The Committee has also pursued a more transparent approach to its work. Based on this, so far thematic briefings have been organized to the wider membership on 8 different topics. They enabled us to increase the dialogue and interaction with all Member States and to raise awareness about counter-terrorism matters within the wider UN.

Mr. Chairman,

Apart from our dialogue in New York, the Committee’s visits to Member States are among the most effective tools available to monitor the implementation of the resolution. They allow the Committee to gather first-hand information about the situation in a particular State, to establish a direct dialogue with the relevant authorities, to identify, together with the States themselves, any potential technical assistance needs, and to convey a message about the importance and urgency of making every effort to implement the provisions of the resolution.

In addition to national level, the CTC is maximising its impact by addressing issues at regional or sub-regional levels. At the Committee, we have held regional discussions to look in-depth at the regional challenges and how to more effectively address them. We also recognized that our strongest value-added is probably in drawing together relevant agencies from the countries of a particular sub-region and working with them to generate solutions to common problems they face. The Committee, through CTED, has organized a number of activities, in line with this focused regional and sub-regional approach. To mention only the most recent ones, we have organized;

- A border management workshop in Nairobi in June this year, which involved bringing representatives from up to 10 different agencies from Tanzania, Kenya and Uganda to conduct a brain-storming discussion on how their border control systems could be improved.
- A seminar in Sarajevo in October on exploring ways to enhance national coordination and regional cooperation, which brought together senior officials from 13 countries in the region and the representatives of the Regional Cooperation Council (RCC), the SECI Center, UNODC and the UN Counter-Terrorism Implementation Task Force (CTITF).
- A workshop for police officers and prosecutors in Indonesia, in November, that focused on community policing, new payment technologies and investigations.

Similar exercises are now being planned in other parts of the world with our partners.

Apart from monitoring and promoting the implementation of the resolution, the Committee, with the assistance of the experts of CTED, works to facilitate the provision of technical assistance to Member States in enhancing their counter-terrorism capacities. The Committee and CTED do not provide technical assistance. Instead, we serve as a “matchmaker” or “switchboard” by facilitating the delivery of technical assistance. We have seen during the country visits and the regional workshops that capacity building remains one of the main challenges to effectively fight terrorism. Therefore, the Committee places particular importance to this matter.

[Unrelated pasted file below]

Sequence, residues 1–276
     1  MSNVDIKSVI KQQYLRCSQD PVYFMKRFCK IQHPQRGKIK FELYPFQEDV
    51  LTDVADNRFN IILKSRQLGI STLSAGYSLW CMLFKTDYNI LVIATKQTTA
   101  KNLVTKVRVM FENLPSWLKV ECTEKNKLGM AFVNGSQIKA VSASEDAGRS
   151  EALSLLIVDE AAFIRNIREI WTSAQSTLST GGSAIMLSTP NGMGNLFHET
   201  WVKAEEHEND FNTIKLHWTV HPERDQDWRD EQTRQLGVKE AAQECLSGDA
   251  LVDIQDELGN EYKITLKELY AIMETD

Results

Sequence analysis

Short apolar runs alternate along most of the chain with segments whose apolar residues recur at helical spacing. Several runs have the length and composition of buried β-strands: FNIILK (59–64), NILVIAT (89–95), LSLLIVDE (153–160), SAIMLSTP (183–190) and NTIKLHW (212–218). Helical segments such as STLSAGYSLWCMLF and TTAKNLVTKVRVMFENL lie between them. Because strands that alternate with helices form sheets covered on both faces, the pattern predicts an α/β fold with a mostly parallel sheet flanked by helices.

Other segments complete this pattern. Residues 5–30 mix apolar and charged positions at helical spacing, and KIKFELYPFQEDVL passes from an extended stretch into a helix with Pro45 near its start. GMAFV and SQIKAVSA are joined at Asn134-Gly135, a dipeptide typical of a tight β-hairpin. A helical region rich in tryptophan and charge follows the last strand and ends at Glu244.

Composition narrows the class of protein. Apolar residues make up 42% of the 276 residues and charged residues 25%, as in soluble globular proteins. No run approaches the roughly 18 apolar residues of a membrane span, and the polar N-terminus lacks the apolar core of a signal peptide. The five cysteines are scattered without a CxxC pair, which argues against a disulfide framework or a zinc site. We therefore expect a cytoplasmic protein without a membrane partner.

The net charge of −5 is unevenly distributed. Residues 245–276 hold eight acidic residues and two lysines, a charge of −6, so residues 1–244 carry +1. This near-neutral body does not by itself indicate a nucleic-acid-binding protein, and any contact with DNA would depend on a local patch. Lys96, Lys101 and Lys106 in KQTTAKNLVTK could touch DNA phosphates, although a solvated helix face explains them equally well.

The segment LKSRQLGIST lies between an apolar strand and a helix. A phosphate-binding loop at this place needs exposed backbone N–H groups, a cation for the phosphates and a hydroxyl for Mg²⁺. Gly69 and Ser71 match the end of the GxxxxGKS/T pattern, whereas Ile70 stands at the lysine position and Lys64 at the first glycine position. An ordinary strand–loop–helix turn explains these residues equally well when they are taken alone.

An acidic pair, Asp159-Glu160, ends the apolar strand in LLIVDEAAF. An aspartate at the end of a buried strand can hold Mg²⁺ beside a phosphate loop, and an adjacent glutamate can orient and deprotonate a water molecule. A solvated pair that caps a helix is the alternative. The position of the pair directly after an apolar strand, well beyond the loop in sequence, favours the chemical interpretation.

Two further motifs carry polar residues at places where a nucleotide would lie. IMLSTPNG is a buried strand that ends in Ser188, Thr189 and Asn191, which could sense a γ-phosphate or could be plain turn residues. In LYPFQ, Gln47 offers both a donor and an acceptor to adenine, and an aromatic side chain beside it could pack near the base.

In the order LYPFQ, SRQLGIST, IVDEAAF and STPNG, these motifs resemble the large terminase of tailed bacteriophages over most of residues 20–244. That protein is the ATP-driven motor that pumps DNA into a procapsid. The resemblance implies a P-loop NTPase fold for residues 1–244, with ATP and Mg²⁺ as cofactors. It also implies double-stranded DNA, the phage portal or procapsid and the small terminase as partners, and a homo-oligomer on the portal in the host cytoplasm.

The CTC considers effective counter-terrorism measures and respect for human rights, fundamental freedoms and the rule of law as complementary and mutually reinforcing, and not contradictory. We believe that they are an essential part of a successful counter-terrorism effort. Therefore, the Committee has continued to remind Member States that any measures taken to combat terrorism must comply with all their obligations under international law, in particular international human rights, refugee and humanitarian law.

Mr. Chairman,

Following this overview of the work of the CTC, now, how can the CTC and CTED work more closely with NATO?

We can definitely do more to exchange information on what we are each doing and how we see the evolving threat of terrorism. Visits like this one, and the appearances by NATO representatives in New York at the Committee, are certainly useful. The decision by NATO to set up a Liaison Office in New York and to appoint recently a Civilian Liaison Officer have been particularly positive developments in this regard. CTED has also provided briefings to delegations from the NATO Defense College on a number of occasions. We could find other ways to further our dialogue at various levels.

CTED was able to visit the NATO Training Base in Crete during its mission to Greece in April of this year, and the CTC has sent CTED officers to attend meetings and workshops conducted at the NATO Centre of Excellence in Ankara and here in Brussels. In this respect, I believe we would also be able to participate in other activities where NATO is engaged.

In the field of capacity building, there may well be opportunities for us to make referrals to NATO in places where you are conducting counter-terrorism training programs. This reinforces the importance of our keeping in close touch on what we are each doing and where our respective regional and technical priorities lie.

To conclude, again let me say that I am very pleased to be here. I wish to express my sincere hope to see the relationship between NATO and the CTC strengthened with a view to eradicating the common threat of terrorism. Joint activities, where these are possible, will surely make significant contributions to that relationship to the benefit of both organizations.

Thank you.